It’s going to add a new, interesting way of capturing video for Snapchat that might be used in on-platform campaigns. But it also shows the intent of the company to evolve from just being an app to being a camera firm. This is unlikely to be the last camera innovation from the firm, especially as it ramps up for its IPO.

More: The Verge, The Verge

Researchers In Japan Have Taught A Machine Vision Algorithm To Determine A Book’s Genre By Its Cover

Brian Kenji Iwana and Seiichi Uchida of Japan’s Kyushu University have taught a machine vision algorithm to determine a book’s genre just by looking at its cover, according to the MIT Technology Review. The algorithm found the exact genre of the book more than 20 percent of the time, and was within the top three choices for that book’s genre 40 percent of the time.


This process for teaching the algorithm was complicated, but relatively simple to explain. The team used over 137,000 book covers on Amazon, coupled with the data on their genre found on the website, to teach the algorithm. They held out a portion of the books to test the algorithm, and then were able to confirm it is possible to teach it in this kind of way.


There are several potential results here. One, that machines will take over the classification of books as they learn more, automating a job previously performed by humans. Two, that machines will take over the design of book covers, as they learn more about genres and what performs best. In both instances, it’s important to think about the potential of automation being applied to businesses as well as the societal pitfalls (jobs).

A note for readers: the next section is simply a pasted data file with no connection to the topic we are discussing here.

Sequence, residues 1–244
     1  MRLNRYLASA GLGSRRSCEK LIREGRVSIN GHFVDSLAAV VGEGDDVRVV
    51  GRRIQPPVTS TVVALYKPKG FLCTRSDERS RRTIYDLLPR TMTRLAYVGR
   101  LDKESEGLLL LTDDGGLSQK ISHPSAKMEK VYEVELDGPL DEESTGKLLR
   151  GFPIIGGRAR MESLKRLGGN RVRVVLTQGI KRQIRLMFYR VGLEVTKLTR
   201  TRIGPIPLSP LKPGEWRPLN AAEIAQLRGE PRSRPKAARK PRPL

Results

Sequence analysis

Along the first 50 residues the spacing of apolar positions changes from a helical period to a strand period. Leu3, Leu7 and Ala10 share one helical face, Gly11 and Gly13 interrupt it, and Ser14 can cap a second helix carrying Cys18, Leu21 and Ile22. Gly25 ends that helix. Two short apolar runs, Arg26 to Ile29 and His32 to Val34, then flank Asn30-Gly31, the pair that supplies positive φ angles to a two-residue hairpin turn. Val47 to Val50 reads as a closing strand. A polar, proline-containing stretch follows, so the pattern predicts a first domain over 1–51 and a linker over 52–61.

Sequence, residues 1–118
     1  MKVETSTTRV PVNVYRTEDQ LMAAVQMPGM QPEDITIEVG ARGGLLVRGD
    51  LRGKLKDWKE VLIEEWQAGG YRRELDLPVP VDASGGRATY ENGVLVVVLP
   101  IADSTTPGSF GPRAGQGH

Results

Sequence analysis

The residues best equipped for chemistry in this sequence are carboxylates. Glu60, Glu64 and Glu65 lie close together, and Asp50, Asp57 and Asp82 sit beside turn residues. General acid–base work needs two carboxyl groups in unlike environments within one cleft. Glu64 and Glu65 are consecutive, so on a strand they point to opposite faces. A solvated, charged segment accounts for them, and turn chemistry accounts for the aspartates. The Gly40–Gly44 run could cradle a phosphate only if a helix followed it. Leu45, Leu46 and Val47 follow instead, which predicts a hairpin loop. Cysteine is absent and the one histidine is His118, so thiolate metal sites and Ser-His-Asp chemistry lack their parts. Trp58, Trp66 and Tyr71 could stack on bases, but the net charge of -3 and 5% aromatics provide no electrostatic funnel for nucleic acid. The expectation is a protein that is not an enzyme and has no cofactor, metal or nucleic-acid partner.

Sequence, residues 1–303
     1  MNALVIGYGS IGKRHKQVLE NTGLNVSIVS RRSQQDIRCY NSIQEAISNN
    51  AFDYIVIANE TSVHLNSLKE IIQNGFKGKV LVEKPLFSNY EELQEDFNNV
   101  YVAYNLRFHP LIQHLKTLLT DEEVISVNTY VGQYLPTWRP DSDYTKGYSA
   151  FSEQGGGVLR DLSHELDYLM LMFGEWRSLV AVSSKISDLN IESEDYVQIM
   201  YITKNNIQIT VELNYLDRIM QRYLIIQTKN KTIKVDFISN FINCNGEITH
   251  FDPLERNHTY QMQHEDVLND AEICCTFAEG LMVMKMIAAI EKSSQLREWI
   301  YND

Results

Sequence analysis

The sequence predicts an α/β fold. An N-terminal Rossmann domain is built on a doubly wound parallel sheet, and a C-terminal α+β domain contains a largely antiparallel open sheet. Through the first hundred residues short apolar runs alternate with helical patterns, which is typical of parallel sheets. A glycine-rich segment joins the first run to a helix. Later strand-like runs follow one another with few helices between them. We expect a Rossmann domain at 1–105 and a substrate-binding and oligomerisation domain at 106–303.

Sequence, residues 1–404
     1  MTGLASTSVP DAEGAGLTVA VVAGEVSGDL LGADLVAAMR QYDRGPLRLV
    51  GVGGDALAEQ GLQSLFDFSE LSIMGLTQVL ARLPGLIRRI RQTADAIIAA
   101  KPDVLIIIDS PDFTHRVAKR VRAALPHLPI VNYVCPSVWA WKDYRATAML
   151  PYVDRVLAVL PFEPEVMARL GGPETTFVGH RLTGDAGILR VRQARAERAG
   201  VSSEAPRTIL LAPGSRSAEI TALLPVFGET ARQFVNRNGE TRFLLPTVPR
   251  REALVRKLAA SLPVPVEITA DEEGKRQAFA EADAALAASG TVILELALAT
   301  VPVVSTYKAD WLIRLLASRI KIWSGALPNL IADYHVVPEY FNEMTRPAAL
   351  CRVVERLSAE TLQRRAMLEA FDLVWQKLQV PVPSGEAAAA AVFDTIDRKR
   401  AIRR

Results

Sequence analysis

More: MIT Technology Review

Instagram CEO Confirms Company Is Working On Live Video

Instagram CEO Kevin Systrom has confirmed that the company is working on a live video product for the platform, according to the The Verge. The confirmation comes after a Russian news site confirmed that the product was being tested.


It’s another addition to Instagram’s growing list of capabilities, with Stories debuting earlier this year, and new camera features for that product debuting last week. It’s also another push by Facebook Inc. for live, a product the firm is now advertising.


Once it launches, it will be interesting to see how and where Instagram users use live video. But overall, the live video product and whether it is meant for just a slim amount of the population or broader group remains to be seen. Broadcast is, for many reasons, more complicated for users to create than something they can curate, like a photo, video, or story.

More: The Verge, Instagram

Google Releases Low End VR Headset Called Daydream

This week, Google released a pair of face goggles coupled with a controller called Daydream. Daydream is the company’s next step in VR, an upgrade on Cardboard intent on bringing better VR to more people. Daydream works with the new Pixel phone, and will likely work with phones from other producers shortly.


The product is certainly not as advanced as the high end products like the HTC Vive, Oculus, or PlayStation VR. But it is a low cost product that can be used for longer and in a more interactive fashion than Cardboard. In short, it’s going to get a better quality VR experience into more people’s hands.


Scale – it makes scaling VR experiences a simpler process, even if the quality isn’t particularly high. Whether it is something people actually want to buy is another story. Content and experiences still aren’t there, and that’s likely what will continue to inhibit its progress.

More: The Verge